Europe

Lawsuit Accuses Everton Bidder 777 Partners of $600 Million Fraud

The American investment firm 777 Partners, whose bid to buy the English Premier League soccer team Everton has been on hold for months amid doubts about the company’s finances, was accused by one of its lenders on Friday of running a yearslong fraud scheme worth hundreds of millions of dollars.

The accusation came in a lawsuit filed Friday in federal court in New York by Leadenhall Capital Partners, a London-based asset management company. It said that it had provided 777 Partners with more than $600 million in financing, only to discover that roughly $350 million in assets serving as collateral for the loans either were not in 777’s control or had already been pledged to other lenders.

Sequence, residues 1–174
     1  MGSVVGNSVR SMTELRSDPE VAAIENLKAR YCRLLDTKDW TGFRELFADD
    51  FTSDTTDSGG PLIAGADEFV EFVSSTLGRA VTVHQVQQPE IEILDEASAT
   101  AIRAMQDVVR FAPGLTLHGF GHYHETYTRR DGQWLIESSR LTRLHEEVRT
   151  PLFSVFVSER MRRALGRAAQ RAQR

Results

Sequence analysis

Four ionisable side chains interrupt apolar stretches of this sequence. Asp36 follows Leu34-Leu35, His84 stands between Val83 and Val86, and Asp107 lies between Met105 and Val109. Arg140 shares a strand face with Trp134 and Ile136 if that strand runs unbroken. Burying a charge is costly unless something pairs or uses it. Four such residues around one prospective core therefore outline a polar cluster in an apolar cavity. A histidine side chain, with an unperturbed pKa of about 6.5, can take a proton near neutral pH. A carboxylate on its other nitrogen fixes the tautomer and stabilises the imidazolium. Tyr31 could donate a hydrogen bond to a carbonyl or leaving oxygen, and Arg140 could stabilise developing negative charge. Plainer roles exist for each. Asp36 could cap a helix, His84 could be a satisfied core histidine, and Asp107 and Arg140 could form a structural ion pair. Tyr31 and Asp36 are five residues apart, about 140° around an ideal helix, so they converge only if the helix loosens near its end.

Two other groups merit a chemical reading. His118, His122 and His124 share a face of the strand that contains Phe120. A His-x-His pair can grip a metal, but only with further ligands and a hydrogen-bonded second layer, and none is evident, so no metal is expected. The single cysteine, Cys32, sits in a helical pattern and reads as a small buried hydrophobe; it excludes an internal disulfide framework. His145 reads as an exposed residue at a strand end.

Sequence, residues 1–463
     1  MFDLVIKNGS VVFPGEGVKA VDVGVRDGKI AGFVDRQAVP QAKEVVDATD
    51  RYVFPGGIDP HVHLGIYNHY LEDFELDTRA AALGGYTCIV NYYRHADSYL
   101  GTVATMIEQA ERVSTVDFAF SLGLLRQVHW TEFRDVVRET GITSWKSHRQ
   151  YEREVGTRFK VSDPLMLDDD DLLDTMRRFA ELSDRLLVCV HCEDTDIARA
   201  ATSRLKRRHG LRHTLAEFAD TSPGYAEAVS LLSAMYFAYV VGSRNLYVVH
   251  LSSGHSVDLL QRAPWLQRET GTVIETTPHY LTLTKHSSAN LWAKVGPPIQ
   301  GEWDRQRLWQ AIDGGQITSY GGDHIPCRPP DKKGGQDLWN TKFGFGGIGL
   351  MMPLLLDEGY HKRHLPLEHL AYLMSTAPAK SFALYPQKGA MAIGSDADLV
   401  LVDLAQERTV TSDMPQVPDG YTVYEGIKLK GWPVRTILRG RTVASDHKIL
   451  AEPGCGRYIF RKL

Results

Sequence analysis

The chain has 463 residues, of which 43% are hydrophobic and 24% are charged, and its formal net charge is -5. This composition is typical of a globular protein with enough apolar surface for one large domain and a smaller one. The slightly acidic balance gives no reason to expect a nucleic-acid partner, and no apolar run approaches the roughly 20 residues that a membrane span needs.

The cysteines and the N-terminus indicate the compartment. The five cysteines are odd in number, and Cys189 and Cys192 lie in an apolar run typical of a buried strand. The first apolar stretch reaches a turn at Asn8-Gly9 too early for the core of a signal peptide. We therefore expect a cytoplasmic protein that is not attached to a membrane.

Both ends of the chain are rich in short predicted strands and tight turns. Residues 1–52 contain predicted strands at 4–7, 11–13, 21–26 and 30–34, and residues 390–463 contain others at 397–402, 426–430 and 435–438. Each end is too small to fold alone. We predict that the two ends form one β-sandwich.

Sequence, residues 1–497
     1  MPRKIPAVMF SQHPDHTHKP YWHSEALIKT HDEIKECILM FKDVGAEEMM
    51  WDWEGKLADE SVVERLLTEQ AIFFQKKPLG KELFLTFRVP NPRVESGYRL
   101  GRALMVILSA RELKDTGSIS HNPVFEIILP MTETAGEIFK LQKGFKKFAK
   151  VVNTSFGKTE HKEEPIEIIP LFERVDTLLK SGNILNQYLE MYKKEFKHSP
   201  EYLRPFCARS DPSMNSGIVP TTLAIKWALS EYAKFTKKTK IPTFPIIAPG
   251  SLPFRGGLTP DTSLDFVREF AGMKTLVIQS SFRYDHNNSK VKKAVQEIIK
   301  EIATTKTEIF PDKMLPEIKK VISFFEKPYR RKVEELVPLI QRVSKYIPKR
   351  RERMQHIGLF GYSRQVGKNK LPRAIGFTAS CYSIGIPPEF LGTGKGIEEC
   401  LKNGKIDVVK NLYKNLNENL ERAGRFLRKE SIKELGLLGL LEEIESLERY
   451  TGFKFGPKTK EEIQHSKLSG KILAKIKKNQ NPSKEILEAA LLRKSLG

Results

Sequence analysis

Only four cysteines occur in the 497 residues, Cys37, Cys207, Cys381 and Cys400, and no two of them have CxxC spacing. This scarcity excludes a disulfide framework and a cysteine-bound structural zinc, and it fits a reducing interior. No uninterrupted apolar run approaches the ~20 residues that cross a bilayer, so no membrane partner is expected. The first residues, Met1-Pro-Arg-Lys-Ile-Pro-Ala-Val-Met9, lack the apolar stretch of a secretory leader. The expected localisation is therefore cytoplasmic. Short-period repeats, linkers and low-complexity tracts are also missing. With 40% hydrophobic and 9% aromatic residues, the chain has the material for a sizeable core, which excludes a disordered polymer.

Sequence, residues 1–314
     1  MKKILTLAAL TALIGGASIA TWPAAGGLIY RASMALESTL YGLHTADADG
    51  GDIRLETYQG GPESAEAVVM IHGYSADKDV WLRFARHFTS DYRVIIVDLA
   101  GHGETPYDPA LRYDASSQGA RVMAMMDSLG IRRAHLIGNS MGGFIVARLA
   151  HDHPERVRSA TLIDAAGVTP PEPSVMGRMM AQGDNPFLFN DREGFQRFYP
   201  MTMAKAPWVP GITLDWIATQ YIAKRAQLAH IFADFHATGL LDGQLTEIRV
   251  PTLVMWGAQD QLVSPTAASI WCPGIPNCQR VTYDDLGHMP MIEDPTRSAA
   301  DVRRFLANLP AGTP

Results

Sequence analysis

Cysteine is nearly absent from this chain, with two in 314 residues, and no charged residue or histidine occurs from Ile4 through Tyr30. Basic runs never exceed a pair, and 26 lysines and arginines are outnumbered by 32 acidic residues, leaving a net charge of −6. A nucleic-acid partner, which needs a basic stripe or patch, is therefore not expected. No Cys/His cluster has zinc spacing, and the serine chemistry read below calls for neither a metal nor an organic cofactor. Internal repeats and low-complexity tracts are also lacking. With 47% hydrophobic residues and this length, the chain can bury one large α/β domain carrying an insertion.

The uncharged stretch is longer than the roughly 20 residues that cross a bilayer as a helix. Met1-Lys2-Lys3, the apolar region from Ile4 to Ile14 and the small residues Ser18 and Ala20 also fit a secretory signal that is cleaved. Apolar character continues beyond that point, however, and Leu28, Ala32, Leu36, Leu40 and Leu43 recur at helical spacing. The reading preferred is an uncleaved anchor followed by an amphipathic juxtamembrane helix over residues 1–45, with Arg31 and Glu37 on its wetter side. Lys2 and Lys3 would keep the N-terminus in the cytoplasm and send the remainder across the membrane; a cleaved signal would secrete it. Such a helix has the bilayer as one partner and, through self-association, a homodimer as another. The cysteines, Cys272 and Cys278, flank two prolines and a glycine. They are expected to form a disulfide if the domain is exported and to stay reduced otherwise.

The lawsuit is the latest, most serious claim against 777 Partners, which has for years made bold assertions about its financial health — it has previously claimed $10 billion in assets — even as it was trailed a string of lawsuits, corporate failures and unpaid bills.

The suit could have immediate implications for 777’s stalled bid to buy Everton: The Premier League has not approved the sale, and the financially strapped club recently said it was seeking alternate investors.

But questions about the company’s balance sheet also carry the risk of contagion for the broader world soccer market, given that 777’s portfolio includes ownership stakes in teams in Australia, Brazil, Belgium, France and Germany, and because it owes debts at all of them.

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